As a rule, OPSI syndrome is already a complication. In the worst case, this syndrome can lead to the death of the affected person if it is not treated properly. For this reason, inflammation and infection after the removal of the spleen must be avoided at all costs. Those affected usually suffer from the usual symptoms of an infection.
There is a high fever and also a circulatory shock if the OPSI syndrome is not treated. Severe abdominal pain and multi-organ failure can also occur. However, this case only occurs if the OPSI syndrome is not treated. Furthermore, those affected fall into a coma or lose consciousness and eventually die.
In most cases, the OPSI syndrome is successfully treated with antibiotics. There are no particular complications if treatment is started early enough. The life expectancy of the patient is also not affected if the disease progresses positively. In some cases, the sufferer may need oxygen therapy. If organs have already been damaged, transplants are necessary to keep the affected person alive.
When should you go to the doctor?
OPSI syndrome is a serious condition that has serious complications and must be treated promptly by a doctor. If skin itching, bleeding, fever and other typical symptoms of OPSI syndrome occur, a doctor must be consulted. Diarrhea and headaches are also typical signs that require clarification. Affected persons should inform the responsible doctor. The syndrome occurs mainly after surgical removal of the spleen, which is why the doctor can quickly make a diagnosis.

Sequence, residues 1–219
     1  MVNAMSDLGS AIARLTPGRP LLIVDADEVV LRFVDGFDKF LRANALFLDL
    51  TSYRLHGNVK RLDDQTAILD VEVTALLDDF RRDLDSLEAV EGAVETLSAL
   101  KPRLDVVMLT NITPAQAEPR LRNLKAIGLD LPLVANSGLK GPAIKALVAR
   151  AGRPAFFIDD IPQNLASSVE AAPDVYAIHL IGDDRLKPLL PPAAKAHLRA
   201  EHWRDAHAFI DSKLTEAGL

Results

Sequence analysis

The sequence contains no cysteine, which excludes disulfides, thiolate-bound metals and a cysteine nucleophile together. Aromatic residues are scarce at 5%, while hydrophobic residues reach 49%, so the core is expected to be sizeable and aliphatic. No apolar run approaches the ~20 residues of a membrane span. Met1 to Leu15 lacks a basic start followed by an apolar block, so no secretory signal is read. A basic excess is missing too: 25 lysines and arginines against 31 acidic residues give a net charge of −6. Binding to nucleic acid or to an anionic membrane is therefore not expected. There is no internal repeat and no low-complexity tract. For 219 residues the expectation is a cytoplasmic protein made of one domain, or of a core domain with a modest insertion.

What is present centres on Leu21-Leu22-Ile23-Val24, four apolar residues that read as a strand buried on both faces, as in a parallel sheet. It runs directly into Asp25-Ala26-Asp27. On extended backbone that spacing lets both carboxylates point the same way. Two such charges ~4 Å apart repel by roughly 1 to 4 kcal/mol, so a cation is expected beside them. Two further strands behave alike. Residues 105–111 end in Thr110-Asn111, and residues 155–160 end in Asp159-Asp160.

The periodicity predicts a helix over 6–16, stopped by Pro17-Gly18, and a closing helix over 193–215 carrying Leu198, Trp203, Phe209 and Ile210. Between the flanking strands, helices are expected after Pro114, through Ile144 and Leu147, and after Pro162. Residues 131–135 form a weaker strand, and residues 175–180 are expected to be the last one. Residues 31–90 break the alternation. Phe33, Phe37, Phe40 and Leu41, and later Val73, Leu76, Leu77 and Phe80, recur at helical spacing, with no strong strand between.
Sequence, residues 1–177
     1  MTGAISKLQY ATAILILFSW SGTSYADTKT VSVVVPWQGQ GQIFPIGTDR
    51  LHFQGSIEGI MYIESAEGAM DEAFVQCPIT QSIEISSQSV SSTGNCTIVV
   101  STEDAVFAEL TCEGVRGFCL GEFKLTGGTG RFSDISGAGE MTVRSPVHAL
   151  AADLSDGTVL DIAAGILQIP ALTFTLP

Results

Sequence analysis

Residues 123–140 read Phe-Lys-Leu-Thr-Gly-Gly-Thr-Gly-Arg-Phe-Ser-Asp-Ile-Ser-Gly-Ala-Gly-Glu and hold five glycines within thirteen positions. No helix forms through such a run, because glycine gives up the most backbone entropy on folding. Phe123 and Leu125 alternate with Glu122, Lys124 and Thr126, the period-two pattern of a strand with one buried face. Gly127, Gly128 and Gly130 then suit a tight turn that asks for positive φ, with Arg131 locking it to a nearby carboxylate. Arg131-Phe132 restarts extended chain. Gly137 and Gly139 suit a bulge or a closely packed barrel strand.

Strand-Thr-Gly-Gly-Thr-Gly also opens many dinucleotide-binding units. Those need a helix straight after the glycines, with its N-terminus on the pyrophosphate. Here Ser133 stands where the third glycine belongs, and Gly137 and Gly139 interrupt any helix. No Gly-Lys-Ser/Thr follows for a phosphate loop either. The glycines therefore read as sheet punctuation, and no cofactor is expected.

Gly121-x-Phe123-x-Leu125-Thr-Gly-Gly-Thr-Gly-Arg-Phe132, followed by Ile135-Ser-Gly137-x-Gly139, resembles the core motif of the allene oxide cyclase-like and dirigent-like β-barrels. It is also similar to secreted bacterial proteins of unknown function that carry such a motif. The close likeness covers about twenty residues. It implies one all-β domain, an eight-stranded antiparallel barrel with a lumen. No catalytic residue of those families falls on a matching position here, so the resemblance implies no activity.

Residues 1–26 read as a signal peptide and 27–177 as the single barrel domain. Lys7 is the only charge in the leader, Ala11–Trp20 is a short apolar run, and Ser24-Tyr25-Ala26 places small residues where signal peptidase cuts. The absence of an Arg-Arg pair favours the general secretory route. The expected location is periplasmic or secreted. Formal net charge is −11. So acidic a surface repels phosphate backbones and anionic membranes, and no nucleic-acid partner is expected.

At the latest when the well-being decreases significantly and the symptoms do not go away, you have to go to the doctor. Patients should speak to their family doctor or an internist. Ideally, the disease is treated by a specialist in infectious diseases. Close monitoring by the doctor is also necessary during treatment. If side effects or interactions as well as other unusual symptoms occur as a result of the administration of the medication, the doctor must be informed. In case of doubt, inpatient treatment in the hospital is necessary.
Treatment & Therapy
Since the organs are attacked in OPSI syndrome, it is necessary for the patient to be treated in intensive care. Septic shock also requires intensive care treatment.
Every minute counts during therapy, so therapy should be initiated immediately. One treatment approach may require the use of antibiotics . If OPSI syndrome is suspected, antibiotics are usually administered first, as this is quick and fights a wide range of bacteria. After an antibiogram, in which the resistance to different pathogens is determined, it is possible to switch to more specific antibiotics.
Depending on the course of the disease, the patient must be ventilated and the oxygen saturation in the blood must be monitored and regulated if necessary. Depending on which organs are attacked by the sepsis, organ replacement measures must be initiated. In addition to ventilation therapy, this can also include renal replacement procedures and extracorporeal membrane oxygenation, in which all respiratory functions of the patient are taken over by a machine, when treating people with OPSI syndrome.
Outlook & Forecast
OPSI syndrome is also known as postsplenectomy syndrome. It occurs in one to five percent of those affected as a result of surgical removal of the spleen (splenectomy). OPSI syndrome is a serious bacterial infection. This results in a relatively high postoperative mortality rate. Up to a third or more than half of all people affected by OPSI syndrome die from it. The prognosis is not particularly favorable.